The Helio Ocean marks a sea change in the evolution of MVNOs. Previously allotted for a limited demographic, the Ocean signals a significant market expansion for the cellco youngster Helio . Aimed directly at the Sidekick crowd, the Ocean could be poised to erode some of T-Mobile’s bountiful cache of hip youngsters with cash to liquidate for cool technologies.
Since it announced the Ocean back in March, Helio has been floating pretty on the buzz created by the new $295 device. It was a good position be in, but now with the device nearly released, it’s time to defuse the buzz and see how the device performs.
The Ocean washed up on our doorstep yesterday and I’ve been wading through it over the past 24 hours. Here are my thoughts:
The Ocean incorporates a two-way sliding mechanism that gives the devices the powers of both a phone keypad and a full QWERTY keyboard. The combination of the two adds to the device depth and mass that surpasses that of most typical phones. It’s not obtrusive or anything, it just has a healthy weight to it.
Its keyboard is the best I’ve yet seen on a device of this nature. The keys are adequately spaced so that even with my giant fingers, I could easily hit just one button. This is a problem I’ve experienced with practically every smartphone I’ve used. Everyone knows I love the Blackjack, but typing on it can be a nuisance due to the crowding on the keyboard. Not so with the Ocean. Well done.
From a feature perspective the Ocean holds much in common with its siblings Drift and Heat. The user interface is navigated through a circular design that places your contacts at the center (perhaps indicating that connecting people is at the center of this heliocentric universe). Notable amongst the features that carry over from previous Helio devices is its GPS functionality — a charge that Helio is leading strongly. And it runs quicker and better in the Ocean than in any of Helio’s previous devices.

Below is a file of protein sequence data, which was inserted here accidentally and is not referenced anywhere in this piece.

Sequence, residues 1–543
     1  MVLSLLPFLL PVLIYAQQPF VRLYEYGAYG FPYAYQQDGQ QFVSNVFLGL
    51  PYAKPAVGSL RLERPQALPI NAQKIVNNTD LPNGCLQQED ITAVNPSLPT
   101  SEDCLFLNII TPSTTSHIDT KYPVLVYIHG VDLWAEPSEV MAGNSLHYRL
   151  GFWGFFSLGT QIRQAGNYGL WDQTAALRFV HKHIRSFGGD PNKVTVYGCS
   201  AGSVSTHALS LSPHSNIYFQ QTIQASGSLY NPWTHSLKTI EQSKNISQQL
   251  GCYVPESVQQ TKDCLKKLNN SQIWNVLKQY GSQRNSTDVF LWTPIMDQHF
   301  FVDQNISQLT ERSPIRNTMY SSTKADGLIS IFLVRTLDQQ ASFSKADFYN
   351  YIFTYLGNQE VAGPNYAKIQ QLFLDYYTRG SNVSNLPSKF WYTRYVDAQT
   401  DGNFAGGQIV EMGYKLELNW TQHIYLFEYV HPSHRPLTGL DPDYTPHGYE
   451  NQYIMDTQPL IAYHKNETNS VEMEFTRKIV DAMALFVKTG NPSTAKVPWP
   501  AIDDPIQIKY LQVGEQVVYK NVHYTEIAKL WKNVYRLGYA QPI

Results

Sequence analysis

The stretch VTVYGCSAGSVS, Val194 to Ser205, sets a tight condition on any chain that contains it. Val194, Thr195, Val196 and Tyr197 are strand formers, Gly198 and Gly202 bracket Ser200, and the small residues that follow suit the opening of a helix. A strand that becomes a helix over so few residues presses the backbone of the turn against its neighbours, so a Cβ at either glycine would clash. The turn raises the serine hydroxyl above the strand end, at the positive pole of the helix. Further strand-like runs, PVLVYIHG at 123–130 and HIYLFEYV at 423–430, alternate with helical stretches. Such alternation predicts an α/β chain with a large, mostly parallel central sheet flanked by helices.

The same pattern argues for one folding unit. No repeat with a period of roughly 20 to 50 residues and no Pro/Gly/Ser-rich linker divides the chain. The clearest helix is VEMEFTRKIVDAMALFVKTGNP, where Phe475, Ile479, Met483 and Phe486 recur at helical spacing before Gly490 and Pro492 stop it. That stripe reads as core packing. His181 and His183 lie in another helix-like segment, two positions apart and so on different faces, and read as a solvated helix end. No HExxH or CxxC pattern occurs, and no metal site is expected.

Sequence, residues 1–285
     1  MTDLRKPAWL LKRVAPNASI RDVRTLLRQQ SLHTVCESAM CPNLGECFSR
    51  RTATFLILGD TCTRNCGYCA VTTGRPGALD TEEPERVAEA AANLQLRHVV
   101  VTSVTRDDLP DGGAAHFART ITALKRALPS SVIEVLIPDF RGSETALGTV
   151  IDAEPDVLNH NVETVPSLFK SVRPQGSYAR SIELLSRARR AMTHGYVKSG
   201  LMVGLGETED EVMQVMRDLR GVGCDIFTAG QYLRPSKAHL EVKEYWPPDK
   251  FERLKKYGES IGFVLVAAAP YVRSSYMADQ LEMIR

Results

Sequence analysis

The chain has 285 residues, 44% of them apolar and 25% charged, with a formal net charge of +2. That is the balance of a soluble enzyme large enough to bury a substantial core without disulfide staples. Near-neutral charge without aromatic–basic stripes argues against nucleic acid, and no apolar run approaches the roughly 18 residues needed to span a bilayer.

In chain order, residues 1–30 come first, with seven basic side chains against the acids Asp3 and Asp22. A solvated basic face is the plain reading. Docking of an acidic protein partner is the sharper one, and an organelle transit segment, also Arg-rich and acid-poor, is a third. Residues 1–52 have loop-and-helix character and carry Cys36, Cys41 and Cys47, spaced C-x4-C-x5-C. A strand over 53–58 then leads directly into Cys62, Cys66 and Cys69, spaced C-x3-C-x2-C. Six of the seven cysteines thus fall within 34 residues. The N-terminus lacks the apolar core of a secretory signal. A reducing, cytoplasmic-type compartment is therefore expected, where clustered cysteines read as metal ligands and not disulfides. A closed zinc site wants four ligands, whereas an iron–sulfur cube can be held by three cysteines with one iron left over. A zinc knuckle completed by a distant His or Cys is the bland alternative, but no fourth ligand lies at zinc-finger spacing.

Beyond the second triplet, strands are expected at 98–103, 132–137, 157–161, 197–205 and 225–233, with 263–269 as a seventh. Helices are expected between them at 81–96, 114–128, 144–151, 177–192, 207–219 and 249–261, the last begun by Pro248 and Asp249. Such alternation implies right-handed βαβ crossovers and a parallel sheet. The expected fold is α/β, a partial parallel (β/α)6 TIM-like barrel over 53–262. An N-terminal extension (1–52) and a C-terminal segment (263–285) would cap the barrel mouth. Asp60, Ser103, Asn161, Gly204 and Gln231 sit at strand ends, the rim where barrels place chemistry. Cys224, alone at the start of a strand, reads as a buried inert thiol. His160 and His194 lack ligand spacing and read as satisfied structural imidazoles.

GPS in phones is a brilliant addition. As the technology proliferates more widely, things like buddy beacons are going to become excellent methods of communication. Imagine being able to see where all of your friends are on a Saturday night. Furthermore, I expect locational comments to develop soon where people can leave messages pinned to specific GPS coordinates to communicate with future passersby. Cool stuff. I should also note that you can turn your beacon off so as to avoid any sort of Big Brother monitoring.
Many have complained that the Ocean lacks WiFi, but I find this to largely be a blank concern. Sure WiFi is fast, but EV-DO is more than passable for a device of this nature. Helio functions on the Sprint network and, as always, Sprint works well for wireless broadband.
It comes ready to support Yahoo! Messenger and AIM as well as Gmail and Windows Live email. Users can also setup additional email accounts quickly so that they’re never out of touch. It’s a dangerous road to venture down, but it’s a path we’re on for better or worse.
The main comparison here is going to be with the Sidekick. Danger has managed to wield a considerable crowd through the implementation of simple, yet feature rich, UI. The Sidekick is also about the size of my cat — and about as practical in a pocket. The Ocean is considerably smaller yet it still maintains all of the core features of the Sidekick and it manages to contribute a few of its own to the fray (like GPS).
I’ve never been a fan of the Sidekick because of its size, but I’m surrounded by people who adore it. I see in the Ocean what they’ve seen all along in the Sidekick. It’s a widely functional media device with massive hipster appeal. There is something decidedly cool about whipping it out in public and having people ogle from across the room. The experience is made even cooler by the fact that the device works immensely well — well enough that it’s just become my new personal phone.